Combat is where you end up ferreting out the fun, which is often overshadowed by the messy UI and more brown graphics than a desert-themed first-person shooter. Active attack and defense moves are natural and much more kinetic than those of traditional MMO hotkey combat. Though each character class feels the same whether you're using magic or brute strength to conquer your enemies, having to exercise a bit of skill to land a hit on a rare enemy provides an extra level of immersion. You feel as though you have control to exert over this persistent world, and that's what ends up elevating this oft-confusing endeavor to a status beyond meager. As long as you can successfully sustain your health and mana (which do not regenerate), you're on your way to looting other players' corpses instead of littering each pathway with your hours of earned items and gold.
Leveling up is done in an unusual manner. There's no sudden "ding" while traveling; to level up, you must visit a fountain or an inn. Paying off an innkeeper determines your stat increases and decreases (yes, you can lose points when leveling up), and it's here that you ultimately decide your future as a hero. Weapons need repair, skill points are distributed here, and casual players are sorted from the hardcore.
Then there's the constant threat of losing your life. Sound extreme? It's the driving force behind Wizardry Online and what keeps it interesting--or terrifying, depending on your viewpoint. Once you create a character, you're in danger of losing him or her forever. The possibility of losing a hero you've spent dozens of hours with is chilling, especially for players whose characters are composed of hard work and dedication.
Fortunately, there are several mechanisms in place to ensure that your first death is never your last. If you're venturing through the world as a newbie and you've fallen in battle, after death, you're immediately transported to the spirit realm, in which enemies are still free to roam and ravage you. You must wander around, defenseless, until you can reach the nearest shrine, where you can attempt to revive yourself. When you happen upon a special dark angel statue, there's a percentage that indicates your chances of being resurrected. If you die additional times, this percentage shrinks, until your only hope is to shell out Sony Station Cash (read: real money) or items from your inventory to tip the odds in your favor.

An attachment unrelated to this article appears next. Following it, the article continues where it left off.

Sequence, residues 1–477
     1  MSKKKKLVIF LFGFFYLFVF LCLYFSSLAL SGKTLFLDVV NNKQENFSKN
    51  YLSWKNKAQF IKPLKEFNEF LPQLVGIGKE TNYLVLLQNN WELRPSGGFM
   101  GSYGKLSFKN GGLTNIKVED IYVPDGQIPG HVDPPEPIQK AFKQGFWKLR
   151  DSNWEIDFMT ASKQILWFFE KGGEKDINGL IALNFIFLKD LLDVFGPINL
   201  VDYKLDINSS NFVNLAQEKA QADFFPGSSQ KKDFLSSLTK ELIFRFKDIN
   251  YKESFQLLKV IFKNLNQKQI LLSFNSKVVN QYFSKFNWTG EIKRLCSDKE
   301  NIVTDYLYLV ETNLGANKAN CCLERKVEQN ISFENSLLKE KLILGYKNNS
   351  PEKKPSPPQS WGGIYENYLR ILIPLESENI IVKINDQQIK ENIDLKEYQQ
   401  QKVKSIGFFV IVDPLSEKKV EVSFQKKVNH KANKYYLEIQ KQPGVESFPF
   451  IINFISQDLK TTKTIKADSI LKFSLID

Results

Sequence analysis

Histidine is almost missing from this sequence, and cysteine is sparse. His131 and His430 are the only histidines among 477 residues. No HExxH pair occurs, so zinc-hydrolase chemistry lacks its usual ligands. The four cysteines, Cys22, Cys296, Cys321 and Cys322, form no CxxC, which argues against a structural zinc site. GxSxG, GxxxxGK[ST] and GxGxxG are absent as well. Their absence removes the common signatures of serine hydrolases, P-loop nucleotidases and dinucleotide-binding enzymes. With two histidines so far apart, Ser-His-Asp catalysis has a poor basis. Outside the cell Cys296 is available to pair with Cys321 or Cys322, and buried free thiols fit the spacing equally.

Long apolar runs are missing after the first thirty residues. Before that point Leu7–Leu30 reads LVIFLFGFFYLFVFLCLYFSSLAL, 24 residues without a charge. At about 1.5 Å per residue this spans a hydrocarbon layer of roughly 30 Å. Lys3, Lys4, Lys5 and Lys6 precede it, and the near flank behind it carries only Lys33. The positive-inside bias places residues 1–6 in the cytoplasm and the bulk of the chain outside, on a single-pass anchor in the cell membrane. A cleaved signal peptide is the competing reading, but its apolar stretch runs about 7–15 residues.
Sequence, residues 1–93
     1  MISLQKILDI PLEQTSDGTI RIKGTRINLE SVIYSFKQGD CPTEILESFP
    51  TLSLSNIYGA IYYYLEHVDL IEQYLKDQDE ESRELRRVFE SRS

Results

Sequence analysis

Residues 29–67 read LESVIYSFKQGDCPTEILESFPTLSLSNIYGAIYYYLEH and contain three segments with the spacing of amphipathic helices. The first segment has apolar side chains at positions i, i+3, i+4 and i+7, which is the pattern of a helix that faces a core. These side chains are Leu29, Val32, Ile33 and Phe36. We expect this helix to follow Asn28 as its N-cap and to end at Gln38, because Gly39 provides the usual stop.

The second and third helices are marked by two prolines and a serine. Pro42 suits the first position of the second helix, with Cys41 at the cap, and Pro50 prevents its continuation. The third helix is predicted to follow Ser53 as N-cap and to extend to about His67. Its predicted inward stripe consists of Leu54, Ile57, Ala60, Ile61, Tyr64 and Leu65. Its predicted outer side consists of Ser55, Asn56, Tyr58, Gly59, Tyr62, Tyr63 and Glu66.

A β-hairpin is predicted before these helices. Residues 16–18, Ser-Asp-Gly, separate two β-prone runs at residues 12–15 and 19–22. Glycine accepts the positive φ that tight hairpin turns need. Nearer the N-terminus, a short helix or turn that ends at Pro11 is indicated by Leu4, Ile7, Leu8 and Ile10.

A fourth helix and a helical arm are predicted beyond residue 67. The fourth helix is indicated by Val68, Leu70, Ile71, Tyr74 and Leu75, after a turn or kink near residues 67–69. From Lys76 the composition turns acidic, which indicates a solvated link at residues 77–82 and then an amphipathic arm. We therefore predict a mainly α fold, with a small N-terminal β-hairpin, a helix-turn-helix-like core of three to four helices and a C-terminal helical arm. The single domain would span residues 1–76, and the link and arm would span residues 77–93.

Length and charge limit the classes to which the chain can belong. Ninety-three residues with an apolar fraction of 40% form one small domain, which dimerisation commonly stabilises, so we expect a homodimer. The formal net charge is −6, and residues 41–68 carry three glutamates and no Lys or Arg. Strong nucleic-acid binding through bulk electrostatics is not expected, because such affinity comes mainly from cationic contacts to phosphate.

Sometimes, you can afford neither the real-world money nor the expendable items to be used as "life material." Unless your revival percentage is 100 percent, there's never a guarantee you'll see your character again. You can throw away cash and items for a simple chance at bringing your character back to life, but there is still no absolute guarantee of resurrection. While the cash shop is unobtrusive for the most part, asking players to pay for a revival that isn't even guaranteed is rather slimy. While you're never required to spend money to do so, if you develop any kind of attachment to your character, you will scramble to do anything necessary to recover so much lost work. Should you fail to resurrect your character, all experience, cash, and gear are sent off to float in the ether. And that's it. You're left to start from scratch.
Luckily, there are ways to ensure you're not forced to trudge through corpse runs and begrudgingly level from the beginning over and over again. In fact, your progress through the story and actual account progression are stored in your "soul," which is like a unique player ID that also unlocks a shared storage system to ensure that no matter how many times you die, eventually character creation and leveling become simpler.
If permadeath isn't enough to scare you away, free-for-all PVP runs rampant here. It's not unusual to find a bounty on a particular player's head or find yourself the target of a jilted newbie's bloodlust. While there's the potential to fall victim to a frustrating gankfest (which you will, more than once), the offending players also run the risk of losing their characters.
The aspect of luck ties many of Wizardry Online's many random threads together: being lucky enough to find a group willing to work together, keeping your character alive, and staying afloat long enough to see the moments where it truly shines. Unfortunately, most of the time it's a lumbering beast of a game with interesting ideas cloaked behind layers of frustration that only dedicated players will surpass. It's the throwback to old-school role-playing that so many players clamor for, but Wizardry Online has more work to do if it hopes to swoop in and "save" players from games that have the gall to suffer from simplicity and user-friendliness.'